Discussion:
using nuttx to decode EXTI signals
(too old to reply)
f***@public.gmane.org
2014-03-20 16:33:53 UTC
Permalink
Hello,

I am working on a PPM decoder, part of a NuttX based project. I plan on using a specifically configured EXTI pin in order to capture PPM edges. In my vision, it would be best to use the external interrupt handler to write down the times, at which the edges were captured, form a "interval log" once the expected amount of pulses was captured, send this "interval log" to a specific PPM-decoding thread, and post a semaphore for this thread to decode it.

I have a few questions, concerning this algorithm:


1. How do I exchange data between this interrupt-handler level and my thread, running the decoder?
2. I am using the STM32F4 MCU and want to use stm32 hardware timer to measure the interval. Where do I create the timer instance? Is it a good idea to create one inside the decoding thread? Would the time count be accessible from the interrupt handler?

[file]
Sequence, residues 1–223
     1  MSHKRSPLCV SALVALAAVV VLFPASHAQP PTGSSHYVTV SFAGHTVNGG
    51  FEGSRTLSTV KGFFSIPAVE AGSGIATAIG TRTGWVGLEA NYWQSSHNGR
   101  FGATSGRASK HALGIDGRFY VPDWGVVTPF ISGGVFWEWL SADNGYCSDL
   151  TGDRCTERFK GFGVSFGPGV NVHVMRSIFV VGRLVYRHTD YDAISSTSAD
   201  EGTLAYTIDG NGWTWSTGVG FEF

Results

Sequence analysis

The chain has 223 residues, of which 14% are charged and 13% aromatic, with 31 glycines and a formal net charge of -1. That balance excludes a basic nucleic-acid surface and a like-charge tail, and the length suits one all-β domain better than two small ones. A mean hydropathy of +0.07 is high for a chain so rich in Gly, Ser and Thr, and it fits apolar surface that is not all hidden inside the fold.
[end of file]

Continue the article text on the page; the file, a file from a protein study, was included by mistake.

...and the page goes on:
3. Also, where is a good place to call stm32_gpiosetevent function to register the handler for the EXTI pin event?

Thank you in advance!
Mike Smith
2014-03-20 18:03:06 UTC
Permalink
PPM decoding is best done using a timer in capture mode. Timing interrupt delivery will give you bad results without substantially more effort.

Sent from my iPhone
Post by f***@public.gmane.org
Hello,
I am working on a PPM decoder, part of a NuttX based project. I plan on using a specifically configured EXTI pin in order to capture PPM edges. In my vision, it would be best to use the external interrupt handler to write down the times, at which the edges were captured, form a "interval log" once the expected amount of pulses was captured, send this "interval log" to a specific PPM-decoding thread, and post a semaphore for this thread to decode it.
1. How do I exchange data between this interrupt-handler level and my thread, running the decoder?
2. I am using the STM32F4 MCU and want to use stm32 hardware timer to measure the interval. Where do I create the timer instance? Is it a good idea to create one inside the decoding thread? Would the time count be accessible from the interrupt handler?
3. Also, where is a good place to call stm32_gpiosetevent function to register the handler for the EXTI pin event?
Thank you in advance!
s***@public.gmane.org
2014-03-20 18:57:10 UTC
Permalink
Post by Mike Smith